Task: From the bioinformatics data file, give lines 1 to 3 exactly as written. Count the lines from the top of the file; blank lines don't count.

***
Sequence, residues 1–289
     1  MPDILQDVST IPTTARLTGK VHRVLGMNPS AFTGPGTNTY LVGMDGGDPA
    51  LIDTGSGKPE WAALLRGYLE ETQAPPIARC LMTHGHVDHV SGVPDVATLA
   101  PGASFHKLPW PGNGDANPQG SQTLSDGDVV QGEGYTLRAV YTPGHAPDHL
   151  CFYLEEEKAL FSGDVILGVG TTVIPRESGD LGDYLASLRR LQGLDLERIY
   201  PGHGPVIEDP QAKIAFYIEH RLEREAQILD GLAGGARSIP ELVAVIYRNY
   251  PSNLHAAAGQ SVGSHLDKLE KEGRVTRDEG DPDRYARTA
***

Sequence, residues 1–289
     1  MPDILQDVST IPTTARLTGK VHRVLGMNPS AFTGPGTNTY LVGMDGGDPA
    51  LIDTGSGKPE WAALLRGYLE ETQAPPIARC LMTHGHVDHV SGVPDVATLA